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Posts Tagged ‘auto loans’

JPMorgan’s Dimon Fearful of Auto Lending Future

Rising subprime loans, slowing sales concern banker.

by on Jun.06, 2016

JPMorgan Chase Chief Executive Jamie Dimon expressed concern about automotive lending in the near future.

JPMorgan Chase & Co. has put out the caution flag on auto lending.

Jamie Dimon, JPMorgan’s chief executive and perhaps the most influential banker in the U.S., said during a conference the market for U.S. automobile lending is “a little stressed” and that he foresees higher losses for some competitors.

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“Someone will get hurt in auto lending,” but not JPMorgan, Dimon said Thursday during an investor presentation in New York. (more…)

American Car Buyers Paying Record Prices, Going Deeper Into Debt

Leasing soars as motorists look to hold costs down, says new study.

by on Mar.03, 2016

American motorists are paying more for their vehicles and borrowing more.

Even as U.S. car sales surge to record levels, a new study shows that American motorists are spending more than ever for their vehicles – with loan levels also reaching new records.

Searching for a way to offset rising prices, a growing number of buyers are turning to leasing, according to Experian Automotive which issued its quarterly “State of Automotive Financing” report on Thursday.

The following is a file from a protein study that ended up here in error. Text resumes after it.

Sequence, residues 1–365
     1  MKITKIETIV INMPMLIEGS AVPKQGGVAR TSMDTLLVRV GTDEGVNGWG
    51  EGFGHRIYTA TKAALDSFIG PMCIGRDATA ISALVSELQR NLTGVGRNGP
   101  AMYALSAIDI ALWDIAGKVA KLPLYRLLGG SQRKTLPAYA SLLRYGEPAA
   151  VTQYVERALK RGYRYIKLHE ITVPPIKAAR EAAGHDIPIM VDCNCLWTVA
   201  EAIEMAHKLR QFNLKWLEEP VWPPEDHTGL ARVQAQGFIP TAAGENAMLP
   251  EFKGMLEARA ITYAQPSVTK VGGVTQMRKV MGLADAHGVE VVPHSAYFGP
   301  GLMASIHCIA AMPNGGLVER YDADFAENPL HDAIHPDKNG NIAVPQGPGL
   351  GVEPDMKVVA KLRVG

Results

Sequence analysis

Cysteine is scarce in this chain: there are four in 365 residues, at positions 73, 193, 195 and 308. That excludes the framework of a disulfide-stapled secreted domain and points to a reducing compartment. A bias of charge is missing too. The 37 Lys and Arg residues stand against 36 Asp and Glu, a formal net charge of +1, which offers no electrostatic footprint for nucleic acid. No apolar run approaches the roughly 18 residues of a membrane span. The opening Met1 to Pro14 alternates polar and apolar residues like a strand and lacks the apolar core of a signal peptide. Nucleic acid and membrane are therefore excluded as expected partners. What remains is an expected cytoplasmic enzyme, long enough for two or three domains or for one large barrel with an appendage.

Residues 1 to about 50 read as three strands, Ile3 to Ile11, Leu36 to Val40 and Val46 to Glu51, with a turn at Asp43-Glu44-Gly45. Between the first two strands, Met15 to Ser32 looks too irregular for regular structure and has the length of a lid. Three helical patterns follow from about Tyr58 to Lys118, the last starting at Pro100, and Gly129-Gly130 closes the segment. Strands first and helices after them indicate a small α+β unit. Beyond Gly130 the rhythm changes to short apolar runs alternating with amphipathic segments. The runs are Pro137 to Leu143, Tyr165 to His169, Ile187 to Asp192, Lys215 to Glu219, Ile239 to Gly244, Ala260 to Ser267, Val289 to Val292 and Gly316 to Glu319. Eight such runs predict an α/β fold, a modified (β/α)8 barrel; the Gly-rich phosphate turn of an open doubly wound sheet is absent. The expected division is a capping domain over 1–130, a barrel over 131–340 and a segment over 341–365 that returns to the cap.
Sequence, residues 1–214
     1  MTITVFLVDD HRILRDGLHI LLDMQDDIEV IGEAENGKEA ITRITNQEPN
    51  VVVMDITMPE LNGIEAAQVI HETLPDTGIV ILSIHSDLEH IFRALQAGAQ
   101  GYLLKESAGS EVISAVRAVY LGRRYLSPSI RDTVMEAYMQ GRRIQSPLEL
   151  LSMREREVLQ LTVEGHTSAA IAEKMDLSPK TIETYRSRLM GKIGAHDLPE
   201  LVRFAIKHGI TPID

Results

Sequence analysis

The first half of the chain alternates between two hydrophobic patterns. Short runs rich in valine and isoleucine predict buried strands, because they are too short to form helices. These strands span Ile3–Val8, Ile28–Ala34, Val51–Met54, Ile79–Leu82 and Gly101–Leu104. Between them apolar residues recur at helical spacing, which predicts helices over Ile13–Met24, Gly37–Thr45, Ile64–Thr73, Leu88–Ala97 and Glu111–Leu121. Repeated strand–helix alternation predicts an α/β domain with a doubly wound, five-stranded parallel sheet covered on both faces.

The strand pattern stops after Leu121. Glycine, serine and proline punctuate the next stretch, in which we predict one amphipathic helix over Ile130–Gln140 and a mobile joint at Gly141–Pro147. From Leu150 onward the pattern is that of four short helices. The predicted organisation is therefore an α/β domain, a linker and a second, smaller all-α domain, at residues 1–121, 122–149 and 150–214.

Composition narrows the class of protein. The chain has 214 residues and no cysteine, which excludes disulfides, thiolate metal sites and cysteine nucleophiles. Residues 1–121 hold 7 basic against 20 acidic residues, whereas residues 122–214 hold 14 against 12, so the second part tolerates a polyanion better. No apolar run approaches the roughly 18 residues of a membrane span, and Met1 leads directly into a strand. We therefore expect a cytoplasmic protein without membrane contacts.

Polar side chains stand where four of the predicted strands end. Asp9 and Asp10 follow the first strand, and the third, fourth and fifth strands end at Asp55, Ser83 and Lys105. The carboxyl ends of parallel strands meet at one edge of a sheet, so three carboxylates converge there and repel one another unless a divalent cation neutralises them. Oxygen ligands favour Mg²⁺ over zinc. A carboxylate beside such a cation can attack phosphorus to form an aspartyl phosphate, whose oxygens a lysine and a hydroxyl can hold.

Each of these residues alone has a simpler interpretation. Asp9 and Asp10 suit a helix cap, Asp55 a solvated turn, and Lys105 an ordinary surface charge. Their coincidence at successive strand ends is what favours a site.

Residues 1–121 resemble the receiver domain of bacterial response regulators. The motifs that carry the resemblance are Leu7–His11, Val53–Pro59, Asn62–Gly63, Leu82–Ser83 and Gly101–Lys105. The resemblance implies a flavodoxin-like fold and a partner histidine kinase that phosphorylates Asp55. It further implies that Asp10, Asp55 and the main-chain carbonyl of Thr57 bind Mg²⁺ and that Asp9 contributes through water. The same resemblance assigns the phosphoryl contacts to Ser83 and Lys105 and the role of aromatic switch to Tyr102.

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“People shop for vehicles largely based on monthly price, and right now, average dollar amounts for new vehicle loans are soaring,” said Experian’s auto credit director Melinda Zabritski.

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More U.S. Auto Buyers Falling Behind on Payments

But that’s “not yet a cause for concern.”

by on Feb.09, 2016

Car dealers have been seeing record numbers of shoppers - but loan delinquencies are rising, too.

More expensive loans aren’t the only reason for automakers to worry, industry analysts are warning. There are signs that more consumers are having trouble handling the loans they’ve already taken out.

With a record number of Americans buying new vehicles last year, lenders logged a record amount of debt on their books. And a growing number of those buyers are falling behind on payments, according to Experian Automotive. While 30-day delinquencies are actually down, the number of motorists two months behind on payments grew sharply.

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“Given that we’ve seen an increase in loans to subprime and deep-subprime consumers, it’s natural to see a slight uptick,” explained Melinda Zabritski, senior director of automotive finance for Experian. “Although not yet a cause for concern, the industry should keep an eye on this metric to see how it trends in the quarters to come.”

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Lenders Continue Easing Access to Auto Loans

Banks, finance companies taking on more risk.

by on Mar.09, 2015

Bank regulators and analysts are wondering if it's too easy to get a loan for a car.

The rising volume of new car loans is drawing the attention of bank regulators and analysts, who are watching for signals about what the increasing demand for loans says about the state of the economy and the car business.